Discuss your beliefs with your children. Be aware that a father’s personal beliefs can have positive or negative effects on fathering, and recognise the impact this can have on your children.

  • Give children the opportunity to learn and think about belief issues by themselves
  • Beliefs are best transmitted to children if reflected in the lives of their parents
  • We can cause children to react against our own or any other belief by the way we talk about it and how we behave

Encourage your parenting partner: It’s really important for husbands to encourage their wives in their job of mothering, to praise them for their skills and hard work and for mothers to build up and encourage dads. John is really good at it. He continually reminds me of my worth and of how much he values my being at home as a mother to our children. – Julia Anderson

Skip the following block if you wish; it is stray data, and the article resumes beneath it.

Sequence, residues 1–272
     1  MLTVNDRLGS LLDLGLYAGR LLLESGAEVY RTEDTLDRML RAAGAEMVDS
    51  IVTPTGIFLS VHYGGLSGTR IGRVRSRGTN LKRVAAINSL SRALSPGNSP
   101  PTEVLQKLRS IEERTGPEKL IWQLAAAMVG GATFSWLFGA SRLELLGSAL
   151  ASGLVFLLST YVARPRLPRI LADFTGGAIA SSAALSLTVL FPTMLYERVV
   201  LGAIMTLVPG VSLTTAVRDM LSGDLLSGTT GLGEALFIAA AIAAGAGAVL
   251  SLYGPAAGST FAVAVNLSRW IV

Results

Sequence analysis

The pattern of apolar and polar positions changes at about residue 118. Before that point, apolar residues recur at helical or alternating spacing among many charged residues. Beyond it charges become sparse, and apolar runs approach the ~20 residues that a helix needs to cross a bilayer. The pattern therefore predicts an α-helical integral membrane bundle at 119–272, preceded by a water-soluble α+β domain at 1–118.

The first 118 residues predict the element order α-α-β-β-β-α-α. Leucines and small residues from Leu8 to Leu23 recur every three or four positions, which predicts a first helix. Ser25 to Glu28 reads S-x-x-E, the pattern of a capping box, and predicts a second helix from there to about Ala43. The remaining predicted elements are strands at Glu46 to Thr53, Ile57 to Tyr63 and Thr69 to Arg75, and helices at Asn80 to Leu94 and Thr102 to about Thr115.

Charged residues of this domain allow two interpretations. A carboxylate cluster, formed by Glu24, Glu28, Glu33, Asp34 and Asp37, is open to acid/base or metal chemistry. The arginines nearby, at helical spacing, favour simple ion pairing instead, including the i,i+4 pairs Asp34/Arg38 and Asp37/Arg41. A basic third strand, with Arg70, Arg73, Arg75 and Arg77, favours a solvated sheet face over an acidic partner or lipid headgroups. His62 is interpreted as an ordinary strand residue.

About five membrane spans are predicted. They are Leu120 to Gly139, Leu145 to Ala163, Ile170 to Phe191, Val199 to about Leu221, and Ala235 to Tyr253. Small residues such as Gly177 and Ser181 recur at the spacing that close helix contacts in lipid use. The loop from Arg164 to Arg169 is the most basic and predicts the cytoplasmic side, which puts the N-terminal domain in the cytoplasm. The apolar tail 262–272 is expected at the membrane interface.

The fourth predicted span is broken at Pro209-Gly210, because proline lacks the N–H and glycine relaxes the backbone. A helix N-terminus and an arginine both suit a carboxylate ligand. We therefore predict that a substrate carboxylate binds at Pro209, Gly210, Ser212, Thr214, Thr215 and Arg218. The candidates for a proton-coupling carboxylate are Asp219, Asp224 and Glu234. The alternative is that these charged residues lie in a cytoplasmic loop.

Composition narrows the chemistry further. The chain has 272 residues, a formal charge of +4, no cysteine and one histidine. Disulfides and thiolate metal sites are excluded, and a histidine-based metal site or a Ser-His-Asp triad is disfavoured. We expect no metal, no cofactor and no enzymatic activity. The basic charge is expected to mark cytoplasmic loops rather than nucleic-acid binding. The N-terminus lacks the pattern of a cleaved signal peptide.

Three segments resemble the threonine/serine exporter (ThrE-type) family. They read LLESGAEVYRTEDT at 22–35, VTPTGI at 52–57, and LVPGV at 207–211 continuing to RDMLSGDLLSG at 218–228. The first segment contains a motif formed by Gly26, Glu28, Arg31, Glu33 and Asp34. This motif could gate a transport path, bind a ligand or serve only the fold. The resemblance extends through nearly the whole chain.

• Your children value what you do. When you value the work of their mother, so will they.
  • When you, as parents, support and encourage one another it strengthens your relationship.
  • Parenting can often be a thankless job. Make a conscious effort to change that in your home. Tell your wife thank you for all she does.

 My father was a bit of a role model but he was more distant than my mother was. She was very insightful and had a much greater effect on me than my father. – John Inverarity

  • Take time to connect with your children. Stop what you are doing, look them in the eye, and actively listen to them.